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238th Yastrzemski Homer at Fenway Park Is First Since 1983; Biggio Hits for Cycle
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From ESPN:

In his first game at the ballpark his grandfather called home for 23 years, San Francisco Giants outfielder Mike Yastrzemski homered in the top of the fourth inning of Tuesday’s game against the Boston Red Sox in a moment that couldn’t have been scripted better. The solo shot was the 238th home run by a Yastrzemski at Fenway Park and the first since Carl Yastrzemski went deep against Moose Haas of the Milwaukee Brewers on July 31, 1983.

Also from ESPN tonight:

BALTIMORE — Cavan Biggio hit for the cycle, just like his dad.

Biggio homered in the third inning, singled in the sixth, doubled in the eighth and tripled in the ninth to boost the Toronto Blue Jays over the Baltimore Orioles 8-5 on Tuesday night. The rookie drove in four runs and scored three times.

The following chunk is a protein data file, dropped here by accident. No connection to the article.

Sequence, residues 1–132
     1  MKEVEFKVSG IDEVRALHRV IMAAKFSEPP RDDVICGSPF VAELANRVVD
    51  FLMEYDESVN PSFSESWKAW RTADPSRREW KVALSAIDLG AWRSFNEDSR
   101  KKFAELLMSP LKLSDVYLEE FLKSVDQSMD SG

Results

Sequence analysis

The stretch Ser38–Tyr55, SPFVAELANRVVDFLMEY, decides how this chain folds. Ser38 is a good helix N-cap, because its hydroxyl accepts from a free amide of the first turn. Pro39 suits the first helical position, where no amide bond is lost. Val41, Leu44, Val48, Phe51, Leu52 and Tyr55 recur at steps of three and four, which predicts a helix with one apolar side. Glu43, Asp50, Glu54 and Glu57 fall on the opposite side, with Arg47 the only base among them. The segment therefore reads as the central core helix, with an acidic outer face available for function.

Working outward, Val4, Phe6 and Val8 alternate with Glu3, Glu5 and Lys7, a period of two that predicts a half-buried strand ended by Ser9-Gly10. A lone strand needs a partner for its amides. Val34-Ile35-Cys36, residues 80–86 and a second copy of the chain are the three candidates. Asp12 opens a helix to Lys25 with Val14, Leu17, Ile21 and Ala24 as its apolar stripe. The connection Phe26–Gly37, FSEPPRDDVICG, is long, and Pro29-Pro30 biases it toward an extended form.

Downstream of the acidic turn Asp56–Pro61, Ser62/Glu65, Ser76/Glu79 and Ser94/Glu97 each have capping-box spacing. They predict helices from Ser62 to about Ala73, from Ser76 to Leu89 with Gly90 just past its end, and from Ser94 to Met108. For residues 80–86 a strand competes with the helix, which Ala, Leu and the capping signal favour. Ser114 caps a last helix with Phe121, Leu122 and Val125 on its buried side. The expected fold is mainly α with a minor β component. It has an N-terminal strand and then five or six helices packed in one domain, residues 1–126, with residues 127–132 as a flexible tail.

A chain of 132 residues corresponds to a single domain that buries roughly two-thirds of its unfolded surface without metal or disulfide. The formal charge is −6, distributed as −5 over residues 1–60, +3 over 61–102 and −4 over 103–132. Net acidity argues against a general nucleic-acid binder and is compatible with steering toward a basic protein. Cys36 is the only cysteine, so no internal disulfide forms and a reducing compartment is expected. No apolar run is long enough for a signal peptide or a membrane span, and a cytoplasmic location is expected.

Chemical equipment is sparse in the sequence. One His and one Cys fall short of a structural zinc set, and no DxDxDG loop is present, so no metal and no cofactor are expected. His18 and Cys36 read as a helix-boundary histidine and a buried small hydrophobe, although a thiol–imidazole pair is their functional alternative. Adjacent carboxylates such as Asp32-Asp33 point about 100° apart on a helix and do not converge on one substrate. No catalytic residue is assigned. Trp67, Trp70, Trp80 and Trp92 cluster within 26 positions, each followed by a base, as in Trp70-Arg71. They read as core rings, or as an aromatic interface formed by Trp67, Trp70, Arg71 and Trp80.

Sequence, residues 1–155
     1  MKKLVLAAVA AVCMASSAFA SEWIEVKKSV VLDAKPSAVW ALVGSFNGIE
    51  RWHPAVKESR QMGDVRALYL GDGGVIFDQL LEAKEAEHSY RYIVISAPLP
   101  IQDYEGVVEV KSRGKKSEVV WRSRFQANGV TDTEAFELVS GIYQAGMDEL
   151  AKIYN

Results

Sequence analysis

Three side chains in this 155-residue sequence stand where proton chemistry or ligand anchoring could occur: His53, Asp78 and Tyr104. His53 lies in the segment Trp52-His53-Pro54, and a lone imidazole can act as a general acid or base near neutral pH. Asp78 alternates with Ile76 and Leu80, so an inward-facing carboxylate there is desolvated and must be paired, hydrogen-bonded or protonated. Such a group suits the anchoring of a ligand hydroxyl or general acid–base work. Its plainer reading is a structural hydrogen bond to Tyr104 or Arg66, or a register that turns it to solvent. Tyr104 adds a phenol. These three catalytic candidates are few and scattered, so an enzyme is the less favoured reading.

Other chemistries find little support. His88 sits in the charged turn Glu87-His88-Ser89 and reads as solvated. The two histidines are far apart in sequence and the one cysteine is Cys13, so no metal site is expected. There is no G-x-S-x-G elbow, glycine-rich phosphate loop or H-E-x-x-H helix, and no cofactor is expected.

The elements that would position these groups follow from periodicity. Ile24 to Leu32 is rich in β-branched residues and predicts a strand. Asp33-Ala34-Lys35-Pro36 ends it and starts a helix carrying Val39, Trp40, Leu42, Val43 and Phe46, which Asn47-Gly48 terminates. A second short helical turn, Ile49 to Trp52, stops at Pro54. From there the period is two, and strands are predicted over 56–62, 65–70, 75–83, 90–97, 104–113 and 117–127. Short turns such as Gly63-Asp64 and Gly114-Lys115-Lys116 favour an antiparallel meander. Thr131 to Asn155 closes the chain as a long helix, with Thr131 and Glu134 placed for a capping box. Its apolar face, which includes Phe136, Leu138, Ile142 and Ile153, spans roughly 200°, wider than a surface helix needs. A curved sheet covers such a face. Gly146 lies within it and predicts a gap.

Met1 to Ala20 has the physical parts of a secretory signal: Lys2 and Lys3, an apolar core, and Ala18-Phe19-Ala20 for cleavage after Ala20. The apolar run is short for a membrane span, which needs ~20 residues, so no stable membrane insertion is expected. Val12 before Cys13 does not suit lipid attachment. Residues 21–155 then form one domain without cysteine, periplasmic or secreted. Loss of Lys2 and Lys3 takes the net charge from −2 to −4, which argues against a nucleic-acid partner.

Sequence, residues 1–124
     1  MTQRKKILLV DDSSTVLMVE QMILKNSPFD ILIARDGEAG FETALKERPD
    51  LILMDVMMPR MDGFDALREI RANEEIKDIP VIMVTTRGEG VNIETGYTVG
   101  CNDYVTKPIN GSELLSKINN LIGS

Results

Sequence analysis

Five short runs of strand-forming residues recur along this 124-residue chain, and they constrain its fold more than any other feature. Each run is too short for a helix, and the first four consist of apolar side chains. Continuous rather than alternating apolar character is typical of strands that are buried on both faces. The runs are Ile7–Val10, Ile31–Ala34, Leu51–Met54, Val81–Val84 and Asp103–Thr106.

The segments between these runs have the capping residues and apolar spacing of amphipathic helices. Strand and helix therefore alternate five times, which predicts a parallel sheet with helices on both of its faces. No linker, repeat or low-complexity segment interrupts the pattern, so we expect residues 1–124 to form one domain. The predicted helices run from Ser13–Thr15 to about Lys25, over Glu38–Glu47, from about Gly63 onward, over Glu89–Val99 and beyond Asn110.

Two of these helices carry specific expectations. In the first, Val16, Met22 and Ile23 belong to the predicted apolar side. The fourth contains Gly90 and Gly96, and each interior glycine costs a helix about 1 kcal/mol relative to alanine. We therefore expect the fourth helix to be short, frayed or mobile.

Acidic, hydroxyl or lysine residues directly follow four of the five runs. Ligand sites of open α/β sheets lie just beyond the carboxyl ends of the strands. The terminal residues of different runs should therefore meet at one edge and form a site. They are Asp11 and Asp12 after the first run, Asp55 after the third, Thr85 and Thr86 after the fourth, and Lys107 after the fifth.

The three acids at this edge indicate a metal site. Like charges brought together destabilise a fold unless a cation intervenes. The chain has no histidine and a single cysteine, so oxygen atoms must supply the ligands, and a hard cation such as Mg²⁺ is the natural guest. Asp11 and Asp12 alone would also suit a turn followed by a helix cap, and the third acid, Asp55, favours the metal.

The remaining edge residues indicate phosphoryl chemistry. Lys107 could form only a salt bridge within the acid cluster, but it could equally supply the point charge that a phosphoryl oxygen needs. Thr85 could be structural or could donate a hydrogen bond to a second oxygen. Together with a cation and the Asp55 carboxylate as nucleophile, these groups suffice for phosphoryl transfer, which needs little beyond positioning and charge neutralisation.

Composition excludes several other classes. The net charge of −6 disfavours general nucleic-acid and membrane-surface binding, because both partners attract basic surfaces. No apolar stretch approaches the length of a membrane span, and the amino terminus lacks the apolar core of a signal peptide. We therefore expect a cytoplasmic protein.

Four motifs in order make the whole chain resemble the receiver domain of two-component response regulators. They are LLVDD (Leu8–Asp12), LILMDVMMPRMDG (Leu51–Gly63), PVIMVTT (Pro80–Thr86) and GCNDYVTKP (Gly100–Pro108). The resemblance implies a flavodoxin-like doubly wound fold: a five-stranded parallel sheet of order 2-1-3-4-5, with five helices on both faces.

“I did know my dad had one,” Cavan Biggio said. “I have a ticket to the game he got it in in my room my whole life. I didn’t think I was going to get up there for the opportunity.”

Familial dynasticism in baseball, which peaked in the 1990s when Barry Bonds and Ken Griffey Jr. were the best players in their leagues, is on the upswing again. For example, the Toronto Blue Jays have players named Biggio, Guerrero, and Bichette, whose dads were all stars in the 1990s.

One reason is because veteran big league hitters in recent years typically now own their own indoor batting cages with pitching machines, which gives their sons a big advantage in getting a huge number of reps per day.

It’s a little like how black players in the NBA have been getting more genteel (e.g., Steph Curry) because the 3 point shot selects for kids who grew up in the suburbs with their own driveways where they could practice long shots over and over.